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Let's Try To Call A Function By A String In JavaScript

If you know the basics of JavaScript, then you know how to call a Function. However, what if we want to call a function differently?

FUNCTION NAME AS A STRING

Here is the real-world use case that I have tried.

There is a set of functions and, there is also a set of string variables with values ​​corresponding to each function name.

The user also can select the corresponding string variable that has a value equal to the name of the function he intends to execute at this moment.


// set of functions

 function add(num1, num2) {
 console.log(num1 + num2);
}

function subtract(num1, num2) {
 console.log(num1 - num2);
}

function divide(num1, num2) {
 console.log(num1 / num2);
}

function multiply(num1, num2) {
 console.log(num1 * num2);
}

// set of string variables

let operationAdd = 'add';
let operationSubtract = 'subtract';
let operationDivide = 'divide';
let operationMultiply = 'multiply';

// user input

let currentOperation = operationAdd;

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Now if we call the function add() {} using the variable currentOperation which currently has the value add, it will give us an error.


currentOperation(8, 2); // throws an error

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It seems that we cannot replace a function name directly with a string. However, I found some great ways to do it.

WAYS TO REPLACE A FUNCTION NAME WITH A STRING

1. Using eval()

The eval() function evaluates JavaScript code represents as a string. That string can be a JavaScript expression, a statement, or a sequence of statements. The expression can include variables and properties of existing objects.

In the code below, we concatenate the string value of the function name with the arguments in parentheses as a single string and pass it to the function eval() as its argument.


function add(num1, num2) {
  console.log(num1 + num2);
}

let currentOperation = 'add';

let functionString = currentOperation + '(8, 2)';

eval(functionString); // returns 10

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However, the eval() function is not a good solution for that. Why because it has significant drawbacks. More importantly, it is insecure and slows down the code running. You can learn more about why you should not use eval() here.

2. Using Function Object

We can use the Function object as an alternative to the eval() function. Here we create an instance of the Function and pass our function in string format as its argument as we did before with eval().


function add(num1, num2) {
 console.log(num1 + num2);
}

let currentOperation = 'add';

let functionString = currentOperation + '(8, 2)';

let newFunction = new Function(functionString);

// function call
newFunction(); // returns 10

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3. Using Function.name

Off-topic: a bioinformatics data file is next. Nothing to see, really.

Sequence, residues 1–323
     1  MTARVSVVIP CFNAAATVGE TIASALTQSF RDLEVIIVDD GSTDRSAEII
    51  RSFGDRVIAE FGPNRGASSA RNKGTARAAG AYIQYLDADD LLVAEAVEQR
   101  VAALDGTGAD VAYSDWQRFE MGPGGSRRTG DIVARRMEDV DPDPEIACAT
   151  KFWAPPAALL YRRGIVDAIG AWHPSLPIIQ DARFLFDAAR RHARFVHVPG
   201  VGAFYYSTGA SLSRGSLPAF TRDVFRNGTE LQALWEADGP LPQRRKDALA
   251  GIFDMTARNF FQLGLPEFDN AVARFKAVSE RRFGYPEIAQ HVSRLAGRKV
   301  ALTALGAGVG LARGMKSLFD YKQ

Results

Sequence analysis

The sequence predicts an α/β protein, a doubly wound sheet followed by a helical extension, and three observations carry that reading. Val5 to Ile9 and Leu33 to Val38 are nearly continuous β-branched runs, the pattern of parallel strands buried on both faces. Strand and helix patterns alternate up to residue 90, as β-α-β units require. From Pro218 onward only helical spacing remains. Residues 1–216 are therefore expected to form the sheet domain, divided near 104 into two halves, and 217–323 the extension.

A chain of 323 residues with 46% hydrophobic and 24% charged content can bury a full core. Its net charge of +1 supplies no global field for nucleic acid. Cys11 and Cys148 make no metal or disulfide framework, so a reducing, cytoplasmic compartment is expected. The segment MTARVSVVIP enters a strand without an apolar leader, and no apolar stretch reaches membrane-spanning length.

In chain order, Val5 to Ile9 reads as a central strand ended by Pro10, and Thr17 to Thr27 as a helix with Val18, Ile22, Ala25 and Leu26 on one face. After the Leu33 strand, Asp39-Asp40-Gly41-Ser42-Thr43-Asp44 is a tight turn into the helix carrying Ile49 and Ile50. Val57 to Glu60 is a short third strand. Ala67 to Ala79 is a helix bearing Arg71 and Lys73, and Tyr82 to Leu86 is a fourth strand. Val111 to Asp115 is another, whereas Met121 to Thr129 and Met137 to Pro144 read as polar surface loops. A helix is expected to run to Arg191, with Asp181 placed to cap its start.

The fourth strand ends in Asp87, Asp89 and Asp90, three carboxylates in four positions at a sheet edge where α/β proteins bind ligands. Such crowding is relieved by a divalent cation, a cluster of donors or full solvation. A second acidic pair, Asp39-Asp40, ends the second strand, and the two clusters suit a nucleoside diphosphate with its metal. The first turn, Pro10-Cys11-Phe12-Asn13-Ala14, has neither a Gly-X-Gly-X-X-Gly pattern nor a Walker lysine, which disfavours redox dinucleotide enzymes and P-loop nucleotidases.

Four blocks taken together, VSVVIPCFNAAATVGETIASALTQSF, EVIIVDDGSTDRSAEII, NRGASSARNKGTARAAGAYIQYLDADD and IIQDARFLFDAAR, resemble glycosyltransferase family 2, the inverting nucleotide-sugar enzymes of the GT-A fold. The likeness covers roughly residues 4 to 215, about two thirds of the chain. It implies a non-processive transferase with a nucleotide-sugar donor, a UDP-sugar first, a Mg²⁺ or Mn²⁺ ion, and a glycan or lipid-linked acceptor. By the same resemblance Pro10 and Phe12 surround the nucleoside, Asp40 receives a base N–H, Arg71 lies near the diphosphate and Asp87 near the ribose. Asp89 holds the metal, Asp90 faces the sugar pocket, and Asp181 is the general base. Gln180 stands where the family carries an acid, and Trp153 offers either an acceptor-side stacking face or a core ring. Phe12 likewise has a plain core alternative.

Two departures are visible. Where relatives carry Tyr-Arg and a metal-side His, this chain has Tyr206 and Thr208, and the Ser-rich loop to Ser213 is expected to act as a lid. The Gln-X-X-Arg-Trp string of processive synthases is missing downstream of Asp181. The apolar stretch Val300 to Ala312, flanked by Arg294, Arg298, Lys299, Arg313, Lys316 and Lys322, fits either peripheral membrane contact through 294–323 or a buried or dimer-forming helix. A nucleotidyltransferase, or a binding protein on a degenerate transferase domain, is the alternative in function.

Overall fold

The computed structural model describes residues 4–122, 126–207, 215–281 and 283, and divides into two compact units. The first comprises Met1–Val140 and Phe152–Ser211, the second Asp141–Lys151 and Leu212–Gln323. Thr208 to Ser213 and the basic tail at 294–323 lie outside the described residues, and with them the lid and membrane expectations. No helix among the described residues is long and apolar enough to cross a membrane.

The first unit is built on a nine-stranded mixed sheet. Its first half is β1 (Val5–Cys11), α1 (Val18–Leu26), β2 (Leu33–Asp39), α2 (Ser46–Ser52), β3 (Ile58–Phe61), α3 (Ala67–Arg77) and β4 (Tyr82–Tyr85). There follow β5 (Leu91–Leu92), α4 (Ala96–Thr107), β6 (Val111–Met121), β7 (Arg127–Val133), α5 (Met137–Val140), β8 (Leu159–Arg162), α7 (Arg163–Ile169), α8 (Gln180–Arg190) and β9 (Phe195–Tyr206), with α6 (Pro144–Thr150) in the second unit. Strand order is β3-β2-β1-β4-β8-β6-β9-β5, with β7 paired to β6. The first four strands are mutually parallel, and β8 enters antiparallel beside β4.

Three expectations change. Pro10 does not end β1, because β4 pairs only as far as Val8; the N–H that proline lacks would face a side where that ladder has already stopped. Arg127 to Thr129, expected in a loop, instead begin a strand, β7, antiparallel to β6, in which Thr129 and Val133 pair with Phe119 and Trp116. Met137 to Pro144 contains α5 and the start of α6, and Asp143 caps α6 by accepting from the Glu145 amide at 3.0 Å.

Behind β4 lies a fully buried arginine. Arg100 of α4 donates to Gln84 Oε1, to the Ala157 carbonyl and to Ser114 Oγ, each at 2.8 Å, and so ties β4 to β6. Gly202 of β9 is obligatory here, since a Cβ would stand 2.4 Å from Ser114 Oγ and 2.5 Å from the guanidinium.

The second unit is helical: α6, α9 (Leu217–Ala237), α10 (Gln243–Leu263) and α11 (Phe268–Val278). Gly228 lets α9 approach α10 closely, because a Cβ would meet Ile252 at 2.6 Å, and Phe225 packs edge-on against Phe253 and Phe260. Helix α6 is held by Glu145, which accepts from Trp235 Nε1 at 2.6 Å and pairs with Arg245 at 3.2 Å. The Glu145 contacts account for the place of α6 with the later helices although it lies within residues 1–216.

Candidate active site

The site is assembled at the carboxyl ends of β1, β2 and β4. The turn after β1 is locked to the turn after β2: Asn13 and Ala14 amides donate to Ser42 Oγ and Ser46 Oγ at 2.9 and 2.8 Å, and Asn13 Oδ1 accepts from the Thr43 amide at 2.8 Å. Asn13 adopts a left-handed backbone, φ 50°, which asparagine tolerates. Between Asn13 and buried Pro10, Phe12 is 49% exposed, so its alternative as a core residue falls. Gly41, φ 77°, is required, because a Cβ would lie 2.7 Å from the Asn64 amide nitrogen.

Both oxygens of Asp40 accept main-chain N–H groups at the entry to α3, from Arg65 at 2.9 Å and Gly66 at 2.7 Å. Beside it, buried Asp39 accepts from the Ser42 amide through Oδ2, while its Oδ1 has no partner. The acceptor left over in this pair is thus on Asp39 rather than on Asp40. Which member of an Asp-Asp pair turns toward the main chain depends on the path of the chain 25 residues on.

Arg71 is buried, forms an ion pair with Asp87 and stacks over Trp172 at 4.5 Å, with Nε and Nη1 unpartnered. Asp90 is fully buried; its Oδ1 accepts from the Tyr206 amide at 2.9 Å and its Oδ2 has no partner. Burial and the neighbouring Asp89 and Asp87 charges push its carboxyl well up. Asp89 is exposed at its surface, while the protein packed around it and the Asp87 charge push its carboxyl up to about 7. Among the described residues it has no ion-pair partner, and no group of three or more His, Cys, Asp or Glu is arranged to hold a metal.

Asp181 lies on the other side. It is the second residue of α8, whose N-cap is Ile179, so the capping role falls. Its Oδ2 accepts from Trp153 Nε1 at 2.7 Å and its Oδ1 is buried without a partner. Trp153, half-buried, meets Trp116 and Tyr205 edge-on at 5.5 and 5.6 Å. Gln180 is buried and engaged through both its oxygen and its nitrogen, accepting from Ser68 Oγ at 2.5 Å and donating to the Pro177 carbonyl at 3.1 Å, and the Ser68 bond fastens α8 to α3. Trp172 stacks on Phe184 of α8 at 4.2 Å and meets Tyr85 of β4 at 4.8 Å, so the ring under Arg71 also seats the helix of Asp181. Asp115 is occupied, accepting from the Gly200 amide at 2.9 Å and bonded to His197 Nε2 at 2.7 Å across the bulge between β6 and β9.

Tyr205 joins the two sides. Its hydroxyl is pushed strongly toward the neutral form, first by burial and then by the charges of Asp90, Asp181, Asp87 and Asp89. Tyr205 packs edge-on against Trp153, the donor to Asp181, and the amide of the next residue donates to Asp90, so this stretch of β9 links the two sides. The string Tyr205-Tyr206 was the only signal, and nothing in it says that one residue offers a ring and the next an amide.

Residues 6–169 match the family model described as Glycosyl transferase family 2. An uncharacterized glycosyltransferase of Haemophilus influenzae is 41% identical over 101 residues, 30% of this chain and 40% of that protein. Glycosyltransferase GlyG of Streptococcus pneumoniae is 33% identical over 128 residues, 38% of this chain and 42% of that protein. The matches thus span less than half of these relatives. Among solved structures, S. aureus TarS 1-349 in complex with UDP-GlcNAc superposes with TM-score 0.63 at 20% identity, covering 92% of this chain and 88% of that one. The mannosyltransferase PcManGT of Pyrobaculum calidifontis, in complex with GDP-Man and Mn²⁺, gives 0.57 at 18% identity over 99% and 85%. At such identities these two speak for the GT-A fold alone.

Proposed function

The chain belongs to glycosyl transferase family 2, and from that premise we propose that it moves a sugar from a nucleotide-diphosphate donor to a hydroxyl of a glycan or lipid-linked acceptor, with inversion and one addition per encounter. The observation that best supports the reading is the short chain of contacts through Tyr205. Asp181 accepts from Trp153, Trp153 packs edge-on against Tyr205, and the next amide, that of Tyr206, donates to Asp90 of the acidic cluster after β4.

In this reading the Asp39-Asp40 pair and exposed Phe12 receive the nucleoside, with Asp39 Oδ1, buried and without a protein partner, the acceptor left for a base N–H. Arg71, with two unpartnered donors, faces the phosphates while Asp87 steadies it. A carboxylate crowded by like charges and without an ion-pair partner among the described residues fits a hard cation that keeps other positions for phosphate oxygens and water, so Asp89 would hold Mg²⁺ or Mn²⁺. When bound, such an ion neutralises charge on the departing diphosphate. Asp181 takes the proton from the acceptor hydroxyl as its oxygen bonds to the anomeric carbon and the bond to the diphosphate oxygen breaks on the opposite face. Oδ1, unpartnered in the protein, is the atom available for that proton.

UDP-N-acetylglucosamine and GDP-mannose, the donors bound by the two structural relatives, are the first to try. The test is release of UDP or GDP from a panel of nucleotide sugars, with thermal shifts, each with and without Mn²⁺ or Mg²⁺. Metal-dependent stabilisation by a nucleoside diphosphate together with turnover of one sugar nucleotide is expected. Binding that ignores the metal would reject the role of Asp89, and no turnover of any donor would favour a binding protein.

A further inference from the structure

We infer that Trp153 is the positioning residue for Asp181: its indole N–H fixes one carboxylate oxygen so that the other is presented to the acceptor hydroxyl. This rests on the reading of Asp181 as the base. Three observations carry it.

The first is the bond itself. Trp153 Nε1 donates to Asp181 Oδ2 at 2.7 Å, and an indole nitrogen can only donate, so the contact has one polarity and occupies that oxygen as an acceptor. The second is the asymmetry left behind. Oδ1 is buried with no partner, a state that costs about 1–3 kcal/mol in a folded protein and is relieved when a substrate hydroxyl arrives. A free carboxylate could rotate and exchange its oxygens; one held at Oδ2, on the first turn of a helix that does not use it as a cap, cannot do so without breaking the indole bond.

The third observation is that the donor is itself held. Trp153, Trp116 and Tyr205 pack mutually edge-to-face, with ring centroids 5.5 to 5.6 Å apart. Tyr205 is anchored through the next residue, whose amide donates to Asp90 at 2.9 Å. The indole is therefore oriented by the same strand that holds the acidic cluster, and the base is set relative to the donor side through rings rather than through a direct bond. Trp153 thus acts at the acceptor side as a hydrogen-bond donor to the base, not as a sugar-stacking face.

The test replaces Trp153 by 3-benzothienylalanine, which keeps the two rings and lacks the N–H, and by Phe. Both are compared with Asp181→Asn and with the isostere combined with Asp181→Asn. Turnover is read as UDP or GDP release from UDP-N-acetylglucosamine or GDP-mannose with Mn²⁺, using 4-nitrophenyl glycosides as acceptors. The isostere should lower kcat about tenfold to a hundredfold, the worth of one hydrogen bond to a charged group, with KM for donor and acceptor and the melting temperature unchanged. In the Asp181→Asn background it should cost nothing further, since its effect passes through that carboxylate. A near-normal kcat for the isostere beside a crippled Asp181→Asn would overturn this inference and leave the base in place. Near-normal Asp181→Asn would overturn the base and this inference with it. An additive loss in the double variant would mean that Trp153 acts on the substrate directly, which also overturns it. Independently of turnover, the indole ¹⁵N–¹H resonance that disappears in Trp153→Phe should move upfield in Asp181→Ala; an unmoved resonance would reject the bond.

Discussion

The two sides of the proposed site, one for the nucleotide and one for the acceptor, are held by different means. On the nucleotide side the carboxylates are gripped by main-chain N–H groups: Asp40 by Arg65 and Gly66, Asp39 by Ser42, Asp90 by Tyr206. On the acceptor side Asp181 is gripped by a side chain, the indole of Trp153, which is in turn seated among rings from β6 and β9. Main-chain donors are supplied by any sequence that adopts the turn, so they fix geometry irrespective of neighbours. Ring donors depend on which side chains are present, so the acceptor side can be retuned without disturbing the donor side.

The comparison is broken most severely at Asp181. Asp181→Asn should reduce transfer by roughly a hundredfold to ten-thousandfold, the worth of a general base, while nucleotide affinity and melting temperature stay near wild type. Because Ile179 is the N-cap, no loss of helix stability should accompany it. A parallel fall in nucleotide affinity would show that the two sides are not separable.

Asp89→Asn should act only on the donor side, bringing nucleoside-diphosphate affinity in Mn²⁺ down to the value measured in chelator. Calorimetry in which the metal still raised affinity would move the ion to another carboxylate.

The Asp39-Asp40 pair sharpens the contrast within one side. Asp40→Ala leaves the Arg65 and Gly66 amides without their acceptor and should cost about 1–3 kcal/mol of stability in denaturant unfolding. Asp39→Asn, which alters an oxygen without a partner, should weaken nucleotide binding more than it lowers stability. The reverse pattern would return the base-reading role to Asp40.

The name property of the Function object returns name of the function as a string.

Using the .name property, we can compare a function name as a string value with another string. Then we can call the function as usual.


function add(num1, num2) {
 console.log(num1 + num2);
}

let currentOperation = 'add';

if(currentOperation === add.name) {
 add(8, 2); // returns 10
}

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4. Using window Object

Since all the items, such as variables and functions in JavaScript, are properties (or methods) of the window object, we can call a function as a method of the window object.


function add(num1, num2) {
 console.log(num1 + num2);
}

let currentOperation = 'add';

window[currentOperation](8, 2); // returns 10

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This method works well with global functions. However, it may not work for some cases such as namespaced-functions.

See the example below.

let operations = {
  add: function(num1, num2) {
    console.log(num1 + num2);
  },

  subtract: function(num1, num2) {
    console.log(num1 - num2);
  }
};

let currentOperation = 'add';

// The following code will not work
// window[operations.currentOperation](8, 2); // throws an error

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It works as follows.


operations[currentOperation](8, 2); // returns 10

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5. Using a custom function (Recommended)

Also, we can create a custom function to call a function using its name as a string. It is more flexible and accurate than the others.


function add(num1, num2) {
 console.log(num1 + num2);
}

let currentOperation = 'add';

function executeFunctionByName(functionName, context /*, arg*/) { 
let args = Array.prototype.slice.call(arguments, 2); 

let namespaces = functionName.split("."); 

let func = namespaces.pop(); 

  for(let i = 0; i < namespaces.length; i++) { 

    context = context[namespaces[i]]; 
  } 

return context[func].apply(context, args); 

}

executeFunctionByName(currentOperation, window, 8, 2); // returns 10

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THE BEST WAY AND THE WORST WAY

In my opinion, it depends on your requirement when choosing the best way to do the job. However, it is a good practice not to use eval() for this purpose. Considering all the methods discussed above, I think the last one is the most efficient way to do it.

If you have tried these methods or any other methods, please let us know your experience with them. Because always we love to learn from each other.

Image credit: Shahadat Rahman on Unsplash

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